Weekly insights into our crazy world.

Wednesday, September 3, 2014



Barack Obama's Air Force One jet touched down in Tallinn today. Thus, he becomes the first US President ever to visit one of the three Baltic Nations of Estonia, Latvia and Lithuania. Why bestow such an honor on such a tiny region? Barack wants to reward them for joining NATO ten years ago. At the time, many questioned the logic of the move. Surely it wasn't smart to anger Russia, their powerful and petroleum-rich Eastern neighbor? But after Putin's bold invasion of the Ukraine...suddenly joining a rival military alliance is a brilliant plan!

To help our readers better understand these three small and often forgotten countries, here are Ten Fun Facts about the Baltics:

BALTIC STATES LOVE THE USA. Prior to World War II, Hitler and Stalin secretly met. It was agreed that the USSR could take Finland and the Baltic States if Germany was allowed to take Poland and Czechoslovakia. After the war, Russia never gave the Baltics back. While Western Europe ignored their pleas, the US steadfastly never recognized Soviet occupation and was the first nation to establish relations after (re) independence in 1990. Hence, most in the region see the US as their top ally.

PLENTY OF RUSSIANS STILL LIVE THERE. During the fifty years of Soviet occupation, many Russians moved to the Baltic States for their superior climate. After independence, they stayed. Today 26% of Latvians and 23% of Estonians list Russian as their first language. However, in Lithuania only 5% of their population is of Russian origin. These nations are historical enemies and simply do not get along.

NONE OF THE BALTIC STATES ARE ORTHODOX. While most nations in the region are Eastern Orthodox, the Baltic States are different.  Influenced by Scandinavia, Estonia and Latvia are solidly Lutheran. To the South, Lithuania is Roman Catholic.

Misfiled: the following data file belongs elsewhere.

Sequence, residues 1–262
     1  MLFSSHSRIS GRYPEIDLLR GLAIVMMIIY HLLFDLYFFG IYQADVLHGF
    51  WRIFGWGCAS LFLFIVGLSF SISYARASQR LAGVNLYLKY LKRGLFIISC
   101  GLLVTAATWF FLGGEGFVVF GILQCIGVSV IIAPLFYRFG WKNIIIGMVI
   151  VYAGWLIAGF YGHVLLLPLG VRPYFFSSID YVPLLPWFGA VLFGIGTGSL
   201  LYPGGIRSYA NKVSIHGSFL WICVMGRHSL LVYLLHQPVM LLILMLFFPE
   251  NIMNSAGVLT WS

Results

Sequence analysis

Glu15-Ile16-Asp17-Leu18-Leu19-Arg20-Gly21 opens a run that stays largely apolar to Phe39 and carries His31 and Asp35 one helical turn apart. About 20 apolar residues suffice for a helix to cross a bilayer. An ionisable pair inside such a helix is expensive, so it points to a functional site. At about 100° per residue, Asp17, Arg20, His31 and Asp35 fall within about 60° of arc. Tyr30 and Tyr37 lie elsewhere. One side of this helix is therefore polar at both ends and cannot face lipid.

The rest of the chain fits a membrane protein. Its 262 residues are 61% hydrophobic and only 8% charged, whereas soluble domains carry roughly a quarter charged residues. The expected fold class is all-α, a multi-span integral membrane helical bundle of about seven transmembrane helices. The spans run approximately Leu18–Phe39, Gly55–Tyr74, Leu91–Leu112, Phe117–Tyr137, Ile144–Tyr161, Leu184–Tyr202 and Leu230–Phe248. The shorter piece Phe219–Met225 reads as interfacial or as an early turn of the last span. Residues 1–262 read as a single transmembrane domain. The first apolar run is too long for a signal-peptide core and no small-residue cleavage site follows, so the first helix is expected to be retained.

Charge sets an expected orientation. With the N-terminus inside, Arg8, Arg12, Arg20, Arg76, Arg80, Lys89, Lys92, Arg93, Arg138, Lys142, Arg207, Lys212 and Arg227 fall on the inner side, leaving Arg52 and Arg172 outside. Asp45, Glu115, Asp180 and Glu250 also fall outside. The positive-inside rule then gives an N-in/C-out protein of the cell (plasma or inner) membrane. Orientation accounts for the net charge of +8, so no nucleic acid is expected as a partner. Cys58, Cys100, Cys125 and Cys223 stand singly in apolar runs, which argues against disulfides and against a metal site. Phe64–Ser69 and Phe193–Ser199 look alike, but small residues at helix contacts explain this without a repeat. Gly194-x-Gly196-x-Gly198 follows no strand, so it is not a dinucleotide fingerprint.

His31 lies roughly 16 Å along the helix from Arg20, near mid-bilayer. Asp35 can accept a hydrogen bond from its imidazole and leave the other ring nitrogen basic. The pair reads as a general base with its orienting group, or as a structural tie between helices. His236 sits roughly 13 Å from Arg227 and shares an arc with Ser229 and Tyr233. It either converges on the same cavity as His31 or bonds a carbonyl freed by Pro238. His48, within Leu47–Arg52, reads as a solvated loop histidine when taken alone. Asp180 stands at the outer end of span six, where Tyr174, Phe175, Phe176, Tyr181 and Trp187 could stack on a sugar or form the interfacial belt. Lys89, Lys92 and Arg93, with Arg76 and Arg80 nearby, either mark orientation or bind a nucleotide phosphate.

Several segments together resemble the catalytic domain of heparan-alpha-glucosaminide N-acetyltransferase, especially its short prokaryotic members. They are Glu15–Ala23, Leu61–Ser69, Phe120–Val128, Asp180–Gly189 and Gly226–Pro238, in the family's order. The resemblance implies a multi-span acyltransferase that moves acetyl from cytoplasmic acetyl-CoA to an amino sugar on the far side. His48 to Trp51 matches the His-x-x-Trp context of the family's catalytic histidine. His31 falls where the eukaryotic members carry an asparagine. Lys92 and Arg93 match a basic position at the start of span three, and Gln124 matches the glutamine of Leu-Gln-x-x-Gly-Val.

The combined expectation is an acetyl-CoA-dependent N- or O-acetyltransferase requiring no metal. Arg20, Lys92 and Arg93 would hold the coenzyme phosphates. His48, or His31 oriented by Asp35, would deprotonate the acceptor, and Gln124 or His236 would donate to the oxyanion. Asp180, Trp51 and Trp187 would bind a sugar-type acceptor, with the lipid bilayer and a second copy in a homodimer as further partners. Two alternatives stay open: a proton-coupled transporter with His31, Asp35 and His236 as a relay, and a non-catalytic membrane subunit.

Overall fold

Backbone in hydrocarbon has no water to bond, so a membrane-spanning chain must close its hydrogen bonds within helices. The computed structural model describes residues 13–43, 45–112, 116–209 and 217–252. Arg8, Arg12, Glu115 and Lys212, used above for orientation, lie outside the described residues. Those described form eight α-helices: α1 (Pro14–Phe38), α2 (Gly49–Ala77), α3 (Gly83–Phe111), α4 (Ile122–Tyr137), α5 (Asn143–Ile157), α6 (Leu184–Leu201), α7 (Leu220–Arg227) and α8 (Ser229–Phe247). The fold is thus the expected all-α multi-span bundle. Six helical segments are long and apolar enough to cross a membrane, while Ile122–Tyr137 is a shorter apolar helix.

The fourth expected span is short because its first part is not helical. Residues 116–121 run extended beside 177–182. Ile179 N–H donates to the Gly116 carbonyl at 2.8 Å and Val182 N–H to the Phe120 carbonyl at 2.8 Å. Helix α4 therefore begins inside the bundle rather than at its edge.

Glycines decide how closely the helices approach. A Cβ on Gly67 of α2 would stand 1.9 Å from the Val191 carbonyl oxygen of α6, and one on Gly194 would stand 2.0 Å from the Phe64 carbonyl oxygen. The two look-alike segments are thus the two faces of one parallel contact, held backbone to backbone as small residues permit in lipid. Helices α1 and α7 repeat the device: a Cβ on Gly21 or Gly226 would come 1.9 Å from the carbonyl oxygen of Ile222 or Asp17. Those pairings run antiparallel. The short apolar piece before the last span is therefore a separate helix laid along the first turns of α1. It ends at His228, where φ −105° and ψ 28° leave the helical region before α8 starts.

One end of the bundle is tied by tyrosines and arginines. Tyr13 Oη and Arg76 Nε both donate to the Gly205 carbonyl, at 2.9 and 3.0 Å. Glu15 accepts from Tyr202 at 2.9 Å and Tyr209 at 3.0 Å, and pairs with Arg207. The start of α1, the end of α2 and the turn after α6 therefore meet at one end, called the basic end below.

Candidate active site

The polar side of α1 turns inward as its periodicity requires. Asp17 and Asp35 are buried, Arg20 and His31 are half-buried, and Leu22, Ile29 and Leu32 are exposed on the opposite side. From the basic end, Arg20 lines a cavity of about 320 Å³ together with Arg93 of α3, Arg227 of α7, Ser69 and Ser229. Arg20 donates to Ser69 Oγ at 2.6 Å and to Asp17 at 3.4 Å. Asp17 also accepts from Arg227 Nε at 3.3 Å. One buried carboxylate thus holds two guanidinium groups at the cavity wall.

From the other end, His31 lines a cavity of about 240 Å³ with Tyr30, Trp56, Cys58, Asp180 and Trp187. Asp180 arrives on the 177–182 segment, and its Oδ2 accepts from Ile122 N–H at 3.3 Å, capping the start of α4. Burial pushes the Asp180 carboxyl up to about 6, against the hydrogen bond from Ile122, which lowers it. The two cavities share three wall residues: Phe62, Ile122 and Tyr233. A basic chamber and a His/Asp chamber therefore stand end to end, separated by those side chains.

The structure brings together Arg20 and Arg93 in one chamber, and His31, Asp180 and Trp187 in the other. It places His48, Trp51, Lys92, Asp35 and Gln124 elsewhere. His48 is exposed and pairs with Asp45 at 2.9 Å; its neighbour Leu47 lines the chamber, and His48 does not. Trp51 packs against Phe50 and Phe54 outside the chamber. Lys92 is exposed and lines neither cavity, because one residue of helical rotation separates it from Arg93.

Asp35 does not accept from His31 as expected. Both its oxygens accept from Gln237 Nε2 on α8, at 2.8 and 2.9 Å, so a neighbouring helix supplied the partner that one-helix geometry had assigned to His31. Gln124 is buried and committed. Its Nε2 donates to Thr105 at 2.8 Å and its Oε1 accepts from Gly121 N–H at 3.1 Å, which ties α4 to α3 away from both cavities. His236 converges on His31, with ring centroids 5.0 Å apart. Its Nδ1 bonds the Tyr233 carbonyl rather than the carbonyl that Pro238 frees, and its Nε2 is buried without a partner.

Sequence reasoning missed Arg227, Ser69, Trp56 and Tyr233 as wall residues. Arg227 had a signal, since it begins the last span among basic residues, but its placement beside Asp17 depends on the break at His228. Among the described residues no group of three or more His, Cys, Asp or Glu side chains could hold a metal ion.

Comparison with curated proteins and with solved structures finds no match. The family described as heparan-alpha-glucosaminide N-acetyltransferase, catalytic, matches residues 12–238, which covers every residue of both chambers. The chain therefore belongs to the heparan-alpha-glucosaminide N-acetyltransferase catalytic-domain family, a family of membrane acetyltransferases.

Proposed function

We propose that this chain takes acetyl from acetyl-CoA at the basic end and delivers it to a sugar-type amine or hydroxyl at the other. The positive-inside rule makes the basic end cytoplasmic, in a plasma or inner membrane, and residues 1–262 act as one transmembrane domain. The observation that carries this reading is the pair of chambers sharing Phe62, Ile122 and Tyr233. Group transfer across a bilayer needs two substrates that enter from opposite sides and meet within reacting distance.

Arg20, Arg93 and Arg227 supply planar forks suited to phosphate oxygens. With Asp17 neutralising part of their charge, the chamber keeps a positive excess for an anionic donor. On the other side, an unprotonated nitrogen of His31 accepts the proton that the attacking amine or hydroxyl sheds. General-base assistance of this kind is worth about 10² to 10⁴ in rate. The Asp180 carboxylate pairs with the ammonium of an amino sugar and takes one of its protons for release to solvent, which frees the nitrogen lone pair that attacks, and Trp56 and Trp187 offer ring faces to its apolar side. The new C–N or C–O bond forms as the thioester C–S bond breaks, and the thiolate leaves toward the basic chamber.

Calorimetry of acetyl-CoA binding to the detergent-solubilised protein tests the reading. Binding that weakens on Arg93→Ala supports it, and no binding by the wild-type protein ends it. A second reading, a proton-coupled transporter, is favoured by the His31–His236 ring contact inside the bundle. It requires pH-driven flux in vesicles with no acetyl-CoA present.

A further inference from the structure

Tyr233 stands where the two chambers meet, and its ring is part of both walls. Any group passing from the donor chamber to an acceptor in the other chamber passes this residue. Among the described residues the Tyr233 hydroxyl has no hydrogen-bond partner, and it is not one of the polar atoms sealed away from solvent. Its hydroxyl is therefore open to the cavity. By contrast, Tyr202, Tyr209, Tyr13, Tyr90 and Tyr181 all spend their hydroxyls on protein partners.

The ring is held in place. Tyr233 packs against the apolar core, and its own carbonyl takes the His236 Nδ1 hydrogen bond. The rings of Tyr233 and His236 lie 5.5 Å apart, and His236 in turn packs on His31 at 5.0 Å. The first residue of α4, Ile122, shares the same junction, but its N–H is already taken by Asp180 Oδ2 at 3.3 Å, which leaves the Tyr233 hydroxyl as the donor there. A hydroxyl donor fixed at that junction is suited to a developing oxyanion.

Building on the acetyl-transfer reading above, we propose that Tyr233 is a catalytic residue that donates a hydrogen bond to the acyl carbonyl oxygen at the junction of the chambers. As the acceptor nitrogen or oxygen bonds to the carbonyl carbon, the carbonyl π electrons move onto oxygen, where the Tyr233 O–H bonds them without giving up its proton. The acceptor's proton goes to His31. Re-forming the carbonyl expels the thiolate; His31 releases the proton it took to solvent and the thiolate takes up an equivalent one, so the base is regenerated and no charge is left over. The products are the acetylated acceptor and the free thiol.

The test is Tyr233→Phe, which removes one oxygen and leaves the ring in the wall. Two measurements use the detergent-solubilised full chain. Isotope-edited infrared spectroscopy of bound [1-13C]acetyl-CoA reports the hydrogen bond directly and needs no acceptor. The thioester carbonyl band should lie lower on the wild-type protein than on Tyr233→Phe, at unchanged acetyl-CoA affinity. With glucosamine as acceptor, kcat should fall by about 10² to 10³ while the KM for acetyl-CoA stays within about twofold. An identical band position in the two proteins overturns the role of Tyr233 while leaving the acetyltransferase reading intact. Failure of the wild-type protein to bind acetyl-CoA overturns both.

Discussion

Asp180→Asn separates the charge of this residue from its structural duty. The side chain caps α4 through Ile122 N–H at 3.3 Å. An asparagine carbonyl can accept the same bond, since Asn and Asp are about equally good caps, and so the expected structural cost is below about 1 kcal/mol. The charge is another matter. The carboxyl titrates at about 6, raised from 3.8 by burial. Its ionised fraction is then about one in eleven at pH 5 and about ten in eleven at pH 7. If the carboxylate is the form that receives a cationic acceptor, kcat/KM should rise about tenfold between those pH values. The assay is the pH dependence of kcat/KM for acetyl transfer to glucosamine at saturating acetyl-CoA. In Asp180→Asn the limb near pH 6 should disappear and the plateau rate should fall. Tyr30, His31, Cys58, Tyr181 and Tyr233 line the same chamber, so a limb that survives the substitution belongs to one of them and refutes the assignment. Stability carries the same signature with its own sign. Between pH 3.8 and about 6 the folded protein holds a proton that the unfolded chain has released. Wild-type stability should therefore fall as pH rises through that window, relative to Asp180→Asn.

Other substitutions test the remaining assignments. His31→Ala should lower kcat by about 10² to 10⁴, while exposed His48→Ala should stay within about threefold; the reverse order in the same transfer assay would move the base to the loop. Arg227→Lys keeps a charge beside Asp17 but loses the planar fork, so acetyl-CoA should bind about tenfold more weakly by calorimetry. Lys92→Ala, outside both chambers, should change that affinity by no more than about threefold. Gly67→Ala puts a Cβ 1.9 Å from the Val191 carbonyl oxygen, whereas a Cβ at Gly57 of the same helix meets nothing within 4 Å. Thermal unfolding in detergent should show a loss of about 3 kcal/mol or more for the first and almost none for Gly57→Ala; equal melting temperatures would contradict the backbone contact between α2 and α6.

NONE OF THE BALTIC STATES USE THE CYRILLIC ALPHABET. Linguistically, the three nations are also linked to the West. The Baltic Branch of the Indo-European language family is small. It contains Latvian, Lithuanian and now extinct Old Prussian. Estonian is in the Finno-Ugric group and is completely incomprehensible to the rest of the world.

LITHUANIA WAS ONCE A MAJOR POWER. In the year 1392, the Great Grand Duke Vytautus expanded his kingdom's borders. From the capital Riga, Lithuania stretched as far as the Black Sea. The legendary Battle of Grunwald in 1410 saw the defeat of the Teutonic Knights. Historians see this as the consummate medieval battle. It is reenacted every year on July 15th.

LATVIA'S FLAG HAS A GRUESOME PAST. Way back in the year 1279, Latvians in the city of Cesis were under siege. When an arrow struck and killed the chief, angry soldiers took their white shirts and dipped them in the dead leader's blood. They waved them in the air as they rose to victory. Since then, various uses of a red stripes on a white background have been used. NOTE: Latvians claim to have the oldest flag on earth.

ESTONIA IS A POP MUSIC PARADISE. Although Estonia's population is only 1.3 million, they have created their own unique brand of Popular Music, complete with a Pop Chart and numerous radio stations. The peak came in 2001, when Tanel Padar won the Eurovision Song Contest.

LITHUANIA IS A BASKETBALL PARADISE. With a population of only 3 million, there are more people in a large US city than in Lithuania. Nonetheless, this nation puts together one helluva Olympic Basketball Team. They won the bronze medal three times (Sydney, Atlanta & Barcelona). Currently, there are four Lithuanians playing in the NBA.

ESTONIA OWNS A THOUSAND ISLANDS. The Baltic is home to as many islands as the Mediterranean Sea, and 1,521 of them are in Estonian territory. Heavily forested and mostly uninhabited, the largest island is Saarema. It is a favorite for tourists as it offers unspoiled beauty and peaceful resorts.

LITHUANIA WAS THE FIRST SOVIET STATE TO SECEDE. Of the fourteen nations to break free from Soviet rule, little Lithuania was the first. March 11, 1990 was truly the beginning of the end for the mighty USSR.

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